"The big question is whether the biological clock controls a process that leads to aging," Horvath said. "If so, the clock will become an important biomarker for studying new therapeutic approaches to keeping us young."
Finally, Horvath discovered that the clock's rate speeds up or slows down depending on a person's age.
"The clock's ticking rate isn't constant," he explained. "It ticks much faster when we're born and growing from children into teenagers, then slows to a constant rate when we reach 20."
In an unexpected finding, the cells of children with progeria, a genetic disorder that causes premature aging, appeared normal and reflected their true chronological age.
UCLA has filed a provisional patent on Horvath's clock. His next studies will examine whether stopping the body's aging clock halts the aging process--or increases cancer risk. He'll also explore whether a similar clock exists in mice.
Elaine Schmidt | EurekAlert!
Ambush in a petri dish
24.11.2017 | Friedrich-Schiller-Universität Jena
Meadows beat out shrubs when it comes to storing carbon
23.11.2017 | Norwegian University of Science and Technology
High-precision measurement of the g-factor eleven times more precise than before / Results indicate a strong similarity between protons and antiprotons
The magnetic moment of an individual proton is inconceivably small, but can still be quantified. The basis for undertaking this measurement was laid over ten...
Heat from the friction of rocks caused by tidal forces could be the “engine” for the hydrothermal activity on Saturn's moon Enceladus. This presupposes that...
The WHO reports an estimated 429,000 malaria deaths each year. The disease mostly affects tropical and subtropical regions and in particular the African continent. The Fraunhofer Institute for Silicate Research ISC teamed up with the Fraunhofer Institute for Molecular Biology and Applied Ecology IME and the Institute of Tropical Medicine at the University of Tübingen for a new test method to detect malaria parasites in blood. The idea of the research project “NanoFRET” is to develop a highly sensitive and reliable rapid diagnostic test so that patient treatment can begin as early as possible.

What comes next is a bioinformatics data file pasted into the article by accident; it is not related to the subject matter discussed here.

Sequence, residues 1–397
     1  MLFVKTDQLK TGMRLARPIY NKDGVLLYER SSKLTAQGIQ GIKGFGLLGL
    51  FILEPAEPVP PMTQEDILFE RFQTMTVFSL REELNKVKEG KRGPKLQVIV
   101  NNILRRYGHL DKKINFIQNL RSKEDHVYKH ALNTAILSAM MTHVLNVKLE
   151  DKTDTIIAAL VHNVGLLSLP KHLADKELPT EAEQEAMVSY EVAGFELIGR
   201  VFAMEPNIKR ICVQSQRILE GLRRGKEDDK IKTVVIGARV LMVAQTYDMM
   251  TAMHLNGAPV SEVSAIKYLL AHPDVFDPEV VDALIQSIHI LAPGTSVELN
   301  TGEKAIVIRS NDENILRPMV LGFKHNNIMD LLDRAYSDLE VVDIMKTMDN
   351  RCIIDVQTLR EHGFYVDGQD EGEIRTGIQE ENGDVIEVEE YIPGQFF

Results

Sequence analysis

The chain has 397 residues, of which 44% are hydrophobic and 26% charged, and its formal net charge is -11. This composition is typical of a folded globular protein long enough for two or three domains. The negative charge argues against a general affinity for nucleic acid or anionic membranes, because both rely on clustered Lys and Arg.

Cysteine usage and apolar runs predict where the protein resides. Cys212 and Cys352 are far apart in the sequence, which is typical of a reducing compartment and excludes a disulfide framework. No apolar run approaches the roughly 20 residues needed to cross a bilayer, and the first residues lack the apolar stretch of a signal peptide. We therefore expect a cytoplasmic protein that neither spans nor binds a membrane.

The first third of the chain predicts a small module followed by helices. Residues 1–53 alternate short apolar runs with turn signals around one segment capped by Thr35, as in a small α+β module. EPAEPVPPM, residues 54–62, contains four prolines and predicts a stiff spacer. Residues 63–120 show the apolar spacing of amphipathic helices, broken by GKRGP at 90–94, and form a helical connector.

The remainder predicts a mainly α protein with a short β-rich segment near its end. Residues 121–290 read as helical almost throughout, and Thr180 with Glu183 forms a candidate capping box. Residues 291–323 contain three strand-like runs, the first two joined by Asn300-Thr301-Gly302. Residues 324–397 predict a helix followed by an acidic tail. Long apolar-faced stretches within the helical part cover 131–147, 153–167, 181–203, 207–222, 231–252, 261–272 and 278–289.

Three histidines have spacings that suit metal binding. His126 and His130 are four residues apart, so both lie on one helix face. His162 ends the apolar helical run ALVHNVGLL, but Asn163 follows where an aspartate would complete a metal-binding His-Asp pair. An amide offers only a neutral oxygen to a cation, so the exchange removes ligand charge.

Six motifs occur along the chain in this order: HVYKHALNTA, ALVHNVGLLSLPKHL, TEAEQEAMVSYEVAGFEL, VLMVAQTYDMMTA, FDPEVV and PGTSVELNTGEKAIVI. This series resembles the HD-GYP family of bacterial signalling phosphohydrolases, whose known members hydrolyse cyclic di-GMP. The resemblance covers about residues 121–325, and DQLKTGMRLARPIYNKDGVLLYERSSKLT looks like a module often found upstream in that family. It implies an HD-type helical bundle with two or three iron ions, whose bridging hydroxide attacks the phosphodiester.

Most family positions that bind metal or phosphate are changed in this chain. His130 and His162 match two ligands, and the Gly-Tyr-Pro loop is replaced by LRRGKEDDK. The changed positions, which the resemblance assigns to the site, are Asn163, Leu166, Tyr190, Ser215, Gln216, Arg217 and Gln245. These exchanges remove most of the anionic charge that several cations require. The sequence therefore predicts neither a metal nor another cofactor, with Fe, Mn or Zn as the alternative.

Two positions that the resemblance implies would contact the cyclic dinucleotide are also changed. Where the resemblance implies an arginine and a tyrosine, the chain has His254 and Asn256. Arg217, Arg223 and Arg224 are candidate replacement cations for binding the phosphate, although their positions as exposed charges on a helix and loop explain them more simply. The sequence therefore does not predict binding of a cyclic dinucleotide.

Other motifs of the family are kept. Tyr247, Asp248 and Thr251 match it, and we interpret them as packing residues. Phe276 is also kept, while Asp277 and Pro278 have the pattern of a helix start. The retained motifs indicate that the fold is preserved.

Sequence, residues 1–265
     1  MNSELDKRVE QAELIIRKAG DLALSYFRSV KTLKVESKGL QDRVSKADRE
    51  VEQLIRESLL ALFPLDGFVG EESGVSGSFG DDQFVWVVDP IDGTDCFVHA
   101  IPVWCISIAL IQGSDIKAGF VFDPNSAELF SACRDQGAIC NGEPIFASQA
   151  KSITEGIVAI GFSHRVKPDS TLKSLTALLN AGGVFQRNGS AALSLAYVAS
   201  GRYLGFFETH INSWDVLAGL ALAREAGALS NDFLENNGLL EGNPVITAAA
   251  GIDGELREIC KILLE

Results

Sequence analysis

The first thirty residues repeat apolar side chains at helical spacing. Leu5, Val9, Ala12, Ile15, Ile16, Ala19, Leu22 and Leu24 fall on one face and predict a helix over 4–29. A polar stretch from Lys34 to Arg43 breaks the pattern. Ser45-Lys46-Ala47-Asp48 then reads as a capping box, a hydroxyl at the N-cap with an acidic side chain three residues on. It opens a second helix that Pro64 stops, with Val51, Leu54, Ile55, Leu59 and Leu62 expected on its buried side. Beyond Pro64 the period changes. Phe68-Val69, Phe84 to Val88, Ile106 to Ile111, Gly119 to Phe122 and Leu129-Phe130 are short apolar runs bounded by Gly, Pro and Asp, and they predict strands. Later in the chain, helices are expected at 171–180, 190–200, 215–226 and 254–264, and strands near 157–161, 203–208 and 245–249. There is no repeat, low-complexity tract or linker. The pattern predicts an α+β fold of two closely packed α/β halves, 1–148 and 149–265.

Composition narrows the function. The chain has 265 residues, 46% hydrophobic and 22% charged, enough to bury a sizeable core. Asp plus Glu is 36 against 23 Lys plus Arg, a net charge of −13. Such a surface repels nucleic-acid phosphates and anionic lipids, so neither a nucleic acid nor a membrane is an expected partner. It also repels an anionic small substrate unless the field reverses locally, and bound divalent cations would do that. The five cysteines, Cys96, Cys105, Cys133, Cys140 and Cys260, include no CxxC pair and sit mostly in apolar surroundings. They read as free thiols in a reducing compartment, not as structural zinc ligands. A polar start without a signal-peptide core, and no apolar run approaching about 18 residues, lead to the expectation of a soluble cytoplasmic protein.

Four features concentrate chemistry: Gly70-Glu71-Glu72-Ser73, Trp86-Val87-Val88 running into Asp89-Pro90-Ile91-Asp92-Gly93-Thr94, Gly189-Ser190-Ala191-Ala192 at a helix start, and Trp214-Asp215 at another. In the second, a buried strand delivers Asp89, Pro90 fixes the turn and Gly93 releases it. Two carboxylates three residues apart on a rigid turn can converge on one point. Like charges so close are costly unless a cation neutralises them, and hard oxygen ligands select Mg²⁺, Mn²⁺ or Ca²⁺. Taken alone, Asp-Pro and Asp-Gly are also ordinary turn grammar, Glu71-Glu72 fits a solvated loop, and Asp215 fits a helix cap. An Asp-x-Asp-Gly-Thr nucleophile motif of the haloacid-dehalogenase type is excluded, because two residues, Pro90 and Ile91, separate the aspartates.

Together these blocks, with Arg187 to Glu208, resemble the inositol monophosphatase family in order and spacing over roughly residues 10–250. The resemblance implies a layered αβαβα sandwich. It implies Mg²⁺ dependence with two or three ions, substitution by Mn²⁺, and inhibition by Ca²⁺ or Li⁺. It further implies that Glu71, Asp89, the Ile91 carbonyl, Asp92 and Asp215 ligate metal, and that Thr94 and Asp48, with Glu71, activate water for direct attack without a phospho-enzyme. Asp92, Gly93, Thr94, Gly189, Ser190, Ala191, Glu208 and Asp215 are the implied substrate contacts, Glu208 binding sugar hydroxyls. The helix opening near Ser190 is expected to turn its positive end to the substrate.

Malaria is caused by parasites transmitted by mosquito bite. The most dangerous form of malaria is malaria tropica. Left untreated, it is fatal in most cases....
The formation of stars in distant galaxies is still largely unexplored. For the first time, astron-omers at the University of Geneva have now been able to closely observe a star system six billion light-years away. In doing so, they are confirming earlier simulations made by the University of Zurich. One special effect is made possible by the multiple reflections of images that run through the cosmos like a snake.
Today, astronomers have a pretty accurate idea of how stars were formed in the recent cosmic past. But do these laws also apply to older galaxies? For around a...
Just because someone is smart and well-motivated doesn't mean he or she can learn the visual skills needed to excel at tasks like matching fingerprints, interpreting medical X-rays, keeping track of aircraft on radar displays or forensic face matching.
That is the implication of a new study which shows for the first time that there is a broad range of differences in people's visual ability and that these...
15.11.2017 | Event News
15.11.2017 | Event News
30.10.2017 | Event News
24.11.2017 | Physics and Astronomy
24.11.2017 | Health and Medicine
24.11.2017 | Earth Sciences